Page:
UP Elections: After 70 Years, Farmers in Mirzapur Lose Land Lease
Mirzapur (Uttar Pradesh): Talking about tribals and farmers in present day Mirzapur means inviting gloomy stories weaved into everyday sorrows and sufferings. Gone are the days when the areas inhabited by them were a picture of thriving green fields, contented people, flora, fauna and spectacular water falls. What is left now is a trail of deprivation. The transition to this state is not very old, but painful.
In the name of providing drinking water to households in Mirzapur, Sonbhadra and Prayagraj (formerly Allahabad), a mountain of troubles has befallen lakhs of people of about 200 villages in the water-starved Vindhyachal, which is going to polls on March 7 in the last phase of the ongoing Uttar Pradesh Assembly elections.
After being driven out decades ego from their natural habitat in the fertile foothills of the Sirsi Dam, where they used to grow wheat, mustard and vegetables since Independence, these farmers — a majority of them are adivasis (inhabitants of the Indian sub-continent) belonging to the Kol tribe --are no longer being allotted pattas (land lease) for agricultural farming.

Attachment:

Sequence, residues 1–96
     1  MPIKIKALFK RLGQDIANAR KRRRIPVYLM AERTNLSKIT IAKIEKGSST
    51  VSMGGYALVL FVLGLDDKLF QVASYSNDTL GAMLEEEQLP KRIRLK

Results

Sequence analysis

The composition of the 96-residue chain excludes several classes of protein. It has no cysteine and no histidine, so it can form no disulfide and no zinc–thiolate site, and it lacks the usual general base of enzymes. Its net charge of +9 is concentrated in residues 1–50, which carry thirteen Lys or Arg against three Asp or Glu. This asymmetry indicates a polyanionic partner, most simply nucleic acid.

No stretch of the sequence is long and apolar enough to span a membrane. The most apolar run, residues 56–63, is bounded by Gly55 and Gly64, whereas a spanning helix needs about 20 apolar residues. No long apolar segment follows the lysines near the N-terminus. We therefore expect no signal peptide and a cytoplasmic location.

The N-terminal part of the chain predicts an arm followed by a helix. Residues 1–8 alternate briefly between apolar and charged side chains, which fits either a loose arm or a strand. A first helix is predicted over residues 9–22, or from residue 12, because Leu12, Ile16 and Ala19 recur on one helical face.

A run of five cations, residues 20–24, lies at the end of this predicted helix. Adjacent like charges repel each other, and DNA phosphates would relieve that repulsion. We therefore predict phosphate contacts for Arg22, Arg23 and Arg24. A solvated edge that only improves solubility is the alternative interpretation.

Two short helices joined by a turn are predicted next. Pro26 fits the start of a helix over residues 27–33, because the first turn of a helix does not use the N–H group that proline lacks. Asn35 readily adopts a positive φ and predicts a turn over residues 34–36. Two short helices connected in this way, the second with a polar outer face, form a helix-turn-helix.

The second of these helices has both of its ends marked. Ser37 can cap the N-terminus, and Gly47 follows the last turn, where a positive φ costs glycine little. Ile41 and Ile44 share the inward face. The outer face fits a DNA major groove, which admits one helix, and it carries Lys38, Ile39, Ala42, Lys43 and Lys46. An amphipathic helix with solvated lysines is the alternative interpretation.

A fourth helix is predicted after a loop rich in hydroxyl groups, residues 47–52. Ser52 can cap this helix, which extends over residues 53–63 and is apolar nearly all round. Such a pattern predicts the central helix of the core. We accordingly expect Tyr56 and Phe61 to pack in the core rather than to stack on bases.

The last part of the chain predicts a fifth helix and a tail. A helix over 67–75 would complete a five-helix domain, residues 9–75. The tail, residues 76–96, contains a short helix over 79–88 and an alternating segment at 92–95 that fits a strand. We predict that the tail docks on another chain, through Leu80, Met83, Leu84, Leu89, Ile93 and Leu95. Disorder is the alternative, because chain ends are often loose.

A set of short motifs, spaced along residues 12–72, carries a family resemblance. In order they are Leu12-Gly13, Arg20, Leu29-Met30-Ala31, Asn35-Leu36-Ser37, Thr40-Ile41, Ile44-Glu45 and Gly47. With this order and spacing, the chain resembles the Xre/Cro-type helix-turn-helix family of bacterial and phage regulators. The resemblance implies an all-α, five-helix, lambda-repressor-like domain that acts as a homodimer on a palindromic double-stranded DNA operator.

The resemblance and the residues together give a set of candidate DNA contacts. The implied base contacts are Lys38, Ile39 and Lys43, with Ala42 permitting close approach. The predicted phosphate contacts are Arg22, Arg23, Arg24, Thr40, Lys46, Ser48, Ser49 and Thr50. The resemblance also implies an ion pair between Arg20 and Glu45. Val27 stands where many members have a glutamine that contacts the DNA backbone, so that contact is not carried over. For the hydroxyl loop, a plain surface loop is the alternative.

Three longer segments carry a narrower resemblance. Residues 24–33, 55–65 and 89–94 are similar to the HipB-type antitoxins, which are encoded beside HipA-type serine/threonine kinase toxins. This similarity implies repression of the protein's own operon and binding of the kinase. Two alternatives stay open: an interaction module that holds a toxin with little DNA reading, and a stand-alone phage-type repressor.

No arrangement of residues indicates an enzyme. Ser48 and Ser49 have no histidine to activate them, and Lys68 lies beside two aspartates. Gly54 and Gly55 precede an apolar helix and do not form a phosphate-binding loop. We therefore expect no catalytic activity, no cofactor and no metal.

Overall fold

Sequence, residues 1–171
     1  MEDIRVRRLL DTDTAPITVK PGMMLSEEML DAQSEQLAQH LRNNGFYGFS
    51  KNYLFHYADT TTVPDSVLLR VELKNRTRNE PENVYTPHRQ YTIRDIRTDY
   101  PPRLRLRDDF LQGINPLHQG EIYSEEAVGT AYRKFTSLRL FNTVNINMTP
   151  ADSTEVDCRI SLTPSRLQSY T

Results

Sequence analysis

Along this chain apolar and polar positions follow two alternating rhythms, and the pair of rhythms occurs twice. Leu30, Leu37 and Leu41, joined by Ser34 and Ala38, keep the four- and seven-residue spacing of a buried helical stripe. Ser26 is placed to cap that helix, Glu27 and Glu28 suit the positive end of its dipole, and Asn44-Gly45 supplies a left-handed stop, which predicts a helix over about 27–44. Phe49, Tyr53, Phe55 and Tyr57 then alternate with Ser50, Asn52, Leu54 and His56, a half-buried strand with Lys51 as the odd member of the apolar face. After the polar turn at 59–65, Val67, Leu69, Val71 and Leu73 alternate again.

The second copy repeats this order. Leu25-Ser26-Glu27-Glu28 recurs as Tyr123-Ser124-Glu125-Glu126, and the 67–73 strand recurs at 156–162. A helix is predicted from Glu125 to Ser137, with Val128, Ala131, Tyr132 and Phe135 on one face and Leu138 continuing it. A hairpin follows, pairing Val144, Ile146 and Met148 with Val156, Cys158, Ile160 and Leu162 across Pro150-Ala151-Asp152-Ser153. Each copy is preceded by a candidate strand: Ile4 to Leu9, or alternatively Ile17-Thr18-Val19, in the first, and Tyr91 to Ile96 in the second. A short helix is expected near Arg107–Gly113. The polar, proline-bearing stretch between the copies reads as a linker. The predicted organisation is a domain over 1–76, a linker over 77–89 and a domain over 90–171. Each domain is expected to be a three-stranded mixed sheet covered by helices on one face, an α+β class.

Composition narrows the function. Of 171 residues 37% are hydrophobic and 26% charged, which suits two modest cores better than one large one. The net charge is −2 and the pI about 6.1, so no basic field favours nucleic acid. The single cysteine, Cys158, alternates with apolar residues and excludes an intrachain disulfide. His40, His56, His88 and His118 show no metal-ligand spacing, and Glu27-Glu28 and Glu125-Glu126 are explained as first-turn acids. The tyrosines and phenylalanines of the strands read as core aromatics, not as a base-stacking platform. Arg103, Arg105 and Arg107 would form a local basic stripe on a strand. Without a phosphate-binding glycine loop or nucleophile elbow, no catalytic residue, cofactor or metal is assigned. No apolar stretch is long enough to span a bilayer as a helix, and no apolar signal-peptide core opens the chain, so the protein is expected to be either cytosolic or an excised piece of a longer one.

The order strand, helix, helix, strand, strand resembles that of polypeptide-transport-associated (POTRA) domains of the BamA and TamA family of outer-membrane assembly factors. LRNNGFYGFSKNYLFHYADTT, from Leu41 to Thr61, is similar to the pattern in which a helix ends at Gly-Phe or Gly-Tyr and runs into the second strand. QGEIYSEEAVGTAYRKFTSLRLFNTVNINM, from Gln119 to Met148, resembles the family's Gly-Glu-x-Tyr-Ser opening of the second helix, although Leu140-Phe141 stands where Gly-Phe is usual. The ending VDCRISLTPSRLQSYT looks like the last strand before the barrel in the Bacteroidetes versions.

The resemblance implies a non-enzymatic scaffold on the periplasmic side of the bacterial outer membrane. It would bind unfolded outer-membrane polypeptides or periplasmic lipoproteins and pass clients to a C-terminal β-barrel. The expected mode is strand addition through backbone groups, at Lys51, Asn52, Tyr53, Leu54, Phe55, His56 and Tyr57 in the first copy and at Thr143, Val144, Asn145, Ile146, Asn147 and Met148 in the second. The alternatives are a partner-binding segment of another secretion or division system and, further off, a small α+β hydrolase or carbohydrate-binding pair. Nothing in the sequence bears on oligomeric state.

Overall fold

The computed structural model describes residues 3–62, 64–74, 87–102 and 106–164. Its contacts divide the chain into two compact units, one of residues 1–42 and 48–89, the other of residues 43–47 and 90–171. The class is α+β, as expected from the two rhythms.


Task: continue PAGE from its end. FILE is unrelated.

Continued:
The then government had displaced these tribal communities in 1951 on the condition that when the water level of the dam goes down, they will be able to do farming there. Since then, the state irrigation department has been allotting land leases to all tribals for five years.
These peasants, who are largely deprived of the right to live a dignified life, deprived of adequate facilities, such as healthcare, education and clean drinking water, are facing an uncertain future. They ask whoever visits them as to how they will sustain their families if they don’t get land leases for growing food.
Following their eviction at least a generation ago, these peasants had been allotted alternate pieces of largely infertile land to reside. When they demanded they should also be given land for cultivation, the government started allotting them pattas in the terai or lowland region of the dam to enable them to grow foodgrains and vegetables for their sustenance.
On May 24, 2021, these poor peasants were shocked when they received an executive order from the office of the assistant engineer (second class), Sirsi Dam block, informing them that the period of the land leases given to them in the Sirsi Dam foothills was already over on March 31 and the renewal stood cancelled till further orders.
“The pradhans (elected village heads), patta owners, beneficiaries and farmers belonging to the villages lying in the lowland of the Sirsi Dam are being informed not to do any farming or encroachment on the Irrigation Department’s land. Otherwise, considering the farming illegal, penal actions will be initiated and a first information report (FIR) be filed against the person concerned as per the departmental rules,” read the notice, which is in possession of NewsClick.
The land lease is allotted to them at a nominal sum of Rs 200 per bigha (0.62 acre). It is renewed after every five years.
Though the farmers continued growing their crops in area in the last and the ongoing sowing seasons in violation of the order, they said they were now scared of the uncertain future ahead.